• Microsoft – can’t do it at the moment. They are pushing to make their Windows Phone 7 OS relevant to the masses. They can not allow Andoid to be better suited as a Windows 7 desktop compantion than Phone 7 will be. If Phone 7 tanks in a year or two they might want to look at Android compatibility in order to stay competitive with Apple. Their continued war with Google in the search engine arena will continue to be a problem though since Android Devices are heavy Google Product centric.
  • Novell – they have too many ties with Microsoft at the moment. For them to put any large scale effort behind Android would rock the bed they share with Microsoft, and that could sour the relationship.
  • Canonical – have worked with Google on quite a few projects, and vice versa. The two have had their spats in the past – Ubuntu dropping the Google search engine a while back for one beta release of Lucid Lynx (10.04) last year is an example of this.

If Canonical, or another Linux Vendor, manage to allow their desktop and Android Devices to do a few simple things there might just be a chance that Desktop Linux can move ahead in the desktop wars. It is a slim chance, I’ll admit that linux on the desktop is perennially playing catch up, but I believe it is the best placed to work with Android devices on a large scale by design, due to its loose allegiances that has prevented it from being aligned too closely with the other players in the market.

Here are some basic features that I want to see Android Devices and Desktop Linux do seamlessly in the near future:

  1. Sync calendar and contacts and e-mail between the desktop and the Android Device.
    This is a no-brainer, and possibly the hardest one to get right properly. When you are on the same wireless network as your desktop, or paired them via Bluetooth, your contacts, calendar and email accounts should sync. Android is behind in the business arena, at least in South Africa where BlackBerry and iDevices dominate, and if your Android Device can handle your basic business communication needs  it can give Android a nice push there. I realize that Android syncs your Google contacts and your Phone contacts and your Facebook contacts etc. I also know that you can have your Evolution calendar or Sunbird sync with Google calendar and thus have your Android device sync with your calendar. These are contrived ways of doing it though. It should be seen as a first positive stepping stone in the right direction, rather than a “good enough” solution.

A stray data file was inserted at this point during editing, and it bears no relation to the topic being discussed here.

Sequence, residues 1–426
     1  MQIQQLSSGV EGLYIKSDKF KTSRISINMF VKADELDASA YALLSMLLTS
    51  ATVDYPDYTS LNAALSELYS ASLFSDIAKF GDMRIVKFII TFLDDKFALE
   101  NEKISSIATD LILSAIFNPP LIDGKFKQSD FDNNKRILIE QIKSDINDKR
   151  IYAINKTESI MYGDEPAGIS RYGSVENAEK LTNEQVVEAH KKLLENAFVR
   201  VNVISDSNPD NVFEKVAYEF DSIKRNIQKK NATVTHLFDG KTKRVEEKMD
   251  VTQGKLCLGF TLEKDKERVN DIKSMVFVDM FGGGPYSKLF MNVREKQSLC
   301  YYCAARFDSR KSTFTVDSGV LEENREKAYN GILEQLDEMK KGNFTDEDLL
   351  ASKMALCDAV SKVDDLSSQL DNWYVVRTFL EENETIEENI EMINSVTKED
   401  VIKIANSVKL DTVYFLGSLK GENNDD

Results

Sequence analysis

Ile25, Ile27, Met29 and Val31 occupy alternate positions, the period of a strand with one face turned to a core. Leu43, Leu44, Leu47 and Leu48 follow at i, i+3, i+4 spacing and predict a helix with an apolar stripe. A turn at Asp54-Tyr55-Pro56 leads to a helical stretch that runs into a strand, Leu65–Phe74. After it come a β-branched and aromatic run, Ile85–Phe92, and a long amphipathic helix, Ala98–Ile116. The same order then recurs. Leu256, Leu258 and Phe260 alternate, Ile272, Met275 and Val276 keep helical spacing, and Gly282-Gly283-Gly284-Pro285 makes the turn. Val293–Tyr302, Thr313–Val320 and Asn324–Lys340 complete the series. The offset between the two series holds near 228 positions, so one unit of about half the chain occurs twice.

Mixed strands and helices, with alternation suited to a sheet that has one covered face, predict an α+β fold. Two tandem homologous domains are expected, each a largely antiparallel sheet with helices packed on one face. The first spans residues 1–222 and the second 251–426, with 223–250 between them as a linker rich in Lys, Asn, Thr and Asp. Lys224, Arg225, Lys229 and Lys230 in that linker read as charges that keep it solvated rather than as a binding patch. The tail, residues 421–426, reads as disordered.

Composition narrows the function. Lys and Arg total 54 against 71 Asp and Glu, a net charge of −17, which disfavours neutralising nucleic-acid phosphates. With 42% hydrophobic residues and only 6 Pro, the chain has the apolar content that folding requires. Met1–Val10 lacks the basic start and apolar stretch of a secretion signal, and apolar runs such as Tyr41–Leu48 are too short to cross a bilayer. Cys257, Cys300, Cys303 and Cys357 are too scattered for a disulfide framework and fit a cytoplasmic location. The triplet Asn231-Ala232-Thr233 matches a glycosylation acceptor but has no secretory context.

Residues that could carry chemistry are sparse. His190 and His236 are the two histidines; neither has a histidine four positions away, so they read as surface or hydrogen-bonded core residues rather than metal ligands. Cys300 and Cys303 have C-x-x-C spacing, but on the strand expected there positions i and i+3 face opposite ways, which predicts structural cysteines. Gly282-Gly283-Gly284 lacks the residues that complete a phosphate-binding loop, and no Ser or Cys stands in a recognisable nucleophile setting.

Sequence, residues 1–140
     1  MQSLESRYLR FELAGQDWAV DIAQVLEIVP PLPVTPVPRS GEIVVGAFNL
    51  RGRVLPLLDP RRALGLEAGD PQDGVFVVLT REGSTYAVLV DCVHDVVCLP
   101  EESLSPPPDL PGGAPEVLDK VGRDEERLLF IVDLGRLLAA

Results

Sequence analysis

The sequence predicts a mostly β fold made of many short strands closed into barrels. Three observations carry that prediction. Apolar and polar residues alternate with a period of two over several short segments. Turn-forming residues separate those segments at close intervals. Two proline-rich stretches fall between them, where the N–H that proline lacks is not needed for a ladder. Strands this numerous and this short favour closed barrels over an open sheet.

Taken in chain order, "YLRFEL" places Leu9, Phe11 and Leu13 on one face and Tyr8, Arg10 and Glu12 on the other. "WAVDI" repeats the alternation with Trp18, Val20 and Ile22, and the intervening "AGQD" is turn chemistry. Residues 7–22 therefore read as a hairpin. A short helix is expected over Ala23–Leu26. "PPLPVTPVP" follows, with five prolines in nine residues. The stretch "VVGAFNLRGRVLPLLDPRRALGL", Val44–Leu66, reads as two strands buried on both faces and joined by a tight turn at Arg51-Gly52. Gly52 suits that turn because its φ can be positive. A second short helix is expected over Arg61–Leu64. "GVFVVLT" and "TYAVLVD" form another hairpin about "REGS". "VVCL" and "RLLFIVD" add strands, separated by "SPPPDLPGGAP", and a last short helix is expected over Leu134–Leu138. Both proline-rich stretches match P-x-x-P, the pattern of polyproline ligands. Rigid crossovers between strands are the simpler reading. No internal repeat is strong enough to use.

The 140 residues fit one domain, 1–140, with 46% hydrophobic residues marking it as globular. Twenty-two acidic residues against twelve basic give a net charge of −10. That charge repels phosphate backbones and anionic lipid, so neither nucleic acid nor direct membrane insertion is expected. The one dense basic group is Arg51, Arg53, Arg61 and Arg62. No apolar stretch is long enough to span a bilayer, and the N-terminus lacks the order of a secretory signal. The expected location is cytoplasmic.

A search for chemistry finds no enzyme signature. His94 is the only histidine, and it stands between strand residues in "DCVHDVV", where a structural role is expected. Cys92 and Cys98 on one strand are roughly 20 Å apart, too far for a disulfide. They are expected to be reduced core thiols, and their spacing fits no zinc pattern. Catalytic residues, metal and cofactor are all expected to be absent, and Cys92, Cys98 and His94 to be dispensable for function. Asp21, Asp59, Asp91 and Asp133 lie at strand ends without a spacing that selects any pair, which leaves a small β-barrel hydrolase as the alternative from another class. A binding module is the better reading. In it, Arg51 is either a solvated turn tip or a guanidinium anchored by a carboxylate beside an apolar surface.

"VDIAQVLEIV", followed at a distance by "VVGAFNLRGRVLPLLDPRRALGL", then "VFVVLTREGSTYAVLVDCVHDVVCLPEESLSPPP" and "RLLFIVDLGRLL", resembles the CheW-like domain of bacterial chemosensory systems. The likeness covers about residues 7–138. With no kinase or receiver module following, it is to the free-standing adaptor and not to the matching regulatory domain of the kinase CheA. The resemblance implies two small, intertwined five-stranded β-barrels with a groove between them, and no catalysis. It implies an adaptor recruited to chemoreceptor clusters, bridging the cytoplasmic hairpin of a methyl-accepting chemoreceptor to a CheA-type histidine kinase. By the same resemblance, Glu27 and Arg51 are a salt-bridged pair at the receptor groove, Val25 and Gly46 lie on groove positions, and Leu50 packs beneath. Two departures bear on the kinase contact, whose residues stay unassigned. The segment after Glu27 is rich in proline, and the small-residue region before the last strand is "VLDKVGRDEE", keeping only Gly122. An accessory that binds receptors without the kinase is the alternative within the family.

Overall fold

2. Sync your documents.
    Right now there is little support for the Open Document Standard on Android, and at best an average document editing suite. If Android is going to move into the Tablet arena aggressively (it already has) it will need to be able to provide Tablet users proper office productivity tools. Moreover these tools should sync with your documents on your chosen work computer with ease. Currently you have Zumodrive and Dropbox support for Android and Linux, surely Ubuntu One should also be provided as an option to those Ubuntu users who would like their computers and mobile devices synced? Ubuntu One might be a tool to allow users to sync their calendars and contacts with their Android devices as well.
  3. MEDIA!
    With the many Linux media center flavors out there one should be able to not only transfer media between your Linux desktop/media center with ease, you should be able to integrate your Android device into your media center setup. Use it as a remote to control your media center from our couch, or buy music on your Android device and play it on your Media center and vice versa. The possibilities are endless.

In the end I want computing utopia, and I want my Android device to be an integral part of this. It is a tall order, and it will be very hard to attain this, but I am very sure that a foundation exists for Google and a Linux partner to create an ecosystem second to none, and one that will allow the everyday user to have all his computing needs catered for whether he flips open his notebook, goes to sit at his desk or takes his Android Tablet/Smart-phone on the plane.

Google loves boasting about the three hundred THOUSAND Android devices that are activated DAILY worldwide. Imagine if desktop Linux, and maybe Ubuntu in particular, can tap into that market as the operating system companion of choice for each and every one of those devices.

It should be done, and soon. The window of opportunity is closing fast.